Science is the search for, and the discovery of, the truth. The truth of human embryology has not been hidden. It has been there all along. The science of the appearance of the new individual human life begins with the preparation for fertilization and ends in death (not just birth). Form changes, but the continuum of life remains. That is because the principles involved in development are manifest throughout all of life, as exemplified, for example, in the issue of stem cell research. Virtually every adult tissue has its stem cells. They are there for the purpose of renewal of lost cells and tissues and in reconstruction of injured or damaged tissues or organs. The efficiency of replacement or repair varies from tissue to tissue.
The life of the new individual human being begins at fertilization (conception). It is significant to state that every human embryologist, world wide, knows this (it is not a belief), and it is so stated in virtually every textbook of human embryology. This was intuitively known before the invention of the microscope, understood through deductive reasoning since, and directly observed by IVF procedures several decades ago.
It is important to understand that all of human development is a continuum. Under conditions we have come to understand and embrace as normal, all of human development from conception on is a fait accompli.
But, what about Sen. Hatch's claim that "an embryo in a petri dish is not a human life"? Well, does he mean to say it is human death? Not hardly. It is still a life process, but one that has been artificially suspended. This does not alter the integrity of the life process unless the manipulation is destructive.
The scientific consistency or quality of life is not short circuited by fertilization in-vitro or development in a petri dish.
The political parsing and distorting of the scientific terms of human embryology has not been limited to "totipotent" and "pluripotent" stem cells. Another interesting example is the misuse of the term pregnancy. Some claim a woman is not pregnant until implantation—when the new human life imbeds in her uterus. This misconception is then used to imply that the human embryo, prior to implantation, is "fair game" for chemical poisoning (abortifacients), and, in the case for experimentation in stem cell research, dismemberment. But the opening sentence of Carlson's basic and universally respected text on human embryology states: "Human pregnancy begins with the fusion of an egg and a sperm."
The reason this is true is that human development proceeds up to five or six days within the fallopian tube and uterus before implantation. The concern of human embryology is the new individual human being, whether it be in the fallopian tube, uterus or in a petri dish!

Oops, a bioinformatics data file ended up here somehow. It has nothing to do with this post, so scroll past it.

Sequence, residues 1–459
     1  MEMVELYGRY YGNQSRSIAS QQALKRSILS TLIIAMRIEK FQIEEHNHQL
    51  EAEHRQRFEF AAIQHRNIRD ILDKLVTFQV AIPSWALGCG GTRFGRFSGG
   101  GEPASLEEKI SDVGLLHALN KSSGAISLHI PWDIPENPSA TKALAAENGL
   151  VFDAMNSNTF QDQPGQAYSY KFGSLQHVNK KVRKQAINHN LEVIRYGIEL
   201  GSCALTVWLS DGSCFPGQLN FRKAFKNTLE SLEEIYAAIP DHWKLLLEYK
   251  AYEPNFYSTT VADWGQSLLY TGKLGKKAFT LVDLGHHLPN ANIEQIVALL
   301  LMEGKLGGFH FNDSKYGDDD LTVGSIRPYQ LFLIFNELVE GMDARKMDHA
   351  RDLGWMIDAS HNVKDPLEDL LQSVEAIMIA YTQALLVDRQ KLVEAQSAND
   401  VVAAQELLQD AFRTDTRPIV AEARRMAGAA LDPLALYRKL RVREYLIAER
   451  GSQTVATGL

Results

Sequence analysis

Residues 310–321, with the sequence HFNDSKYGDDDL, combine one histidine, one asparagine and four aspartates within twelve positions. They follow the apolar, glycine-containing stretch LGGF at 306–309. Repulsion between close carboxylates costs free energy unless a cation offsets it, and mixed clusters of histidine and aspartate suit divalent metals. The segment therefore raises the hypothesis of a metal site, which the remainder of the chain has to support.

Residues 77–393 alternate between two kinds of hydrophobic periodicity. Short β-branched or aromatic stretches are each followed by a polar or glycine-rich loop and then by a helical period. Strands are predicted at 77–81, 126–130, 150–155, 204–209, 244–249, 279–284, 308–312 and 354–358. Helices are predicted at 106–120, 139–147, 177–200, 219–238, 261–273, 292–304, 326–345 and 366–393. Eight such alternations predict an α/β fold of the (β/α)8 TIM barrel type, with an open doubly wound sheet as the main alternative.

What kind of laws should be written concerning issues involving human embryology? First, and foremost, they must embrace and recognize this scientific fact: Conception initiates a new individual human being and the continuum of life.
Justice Blackmun ignored this indisputable biological truth and applied so-called "medical, philosophical and religious" considerations to his judicial reasoning, claiming, falsely, that the biological truth could not be determined.
The Supreme Court again abrogated the scientific facts in its Webster decision (majority opinion also written by Blackmun), which affirmed Blackmun's declaration in Roe. In Webster, an amicus curiae brief signed by 167 "scientists" and Nobel laureates supported that affirmation. Amazingly, not a single one of the 167 was a human embryologist!
The court's ongoing corruption of human embryology was most lately found in the Stenberg v. Carhart decision (on partial-birth abortion) in which several of the opinions refer to the fetus as "potential human life."
Since Roe v. Wade, the basic scientific facts of human embryology have become an anathema to politicians who seek to perpetuate abortion on demand, or provide legal cover for some new assault on human life in its earliest and most vulnerable stages of development.
Not one human embryologist was a member of the NBAC or of the NIH Human Embryo Research Panel that was created by Varmus to advise the government on the ethics of medical research involving embryos. Additionally, in 1999, a group of 73 "scientists" were solicited by NIH for their support of stem cell research. But not a single one was a human embryologist.
Clausewitz once said: "War is too important to be left to the generals." It appears that human embryology is too important to be left to the human embryologists.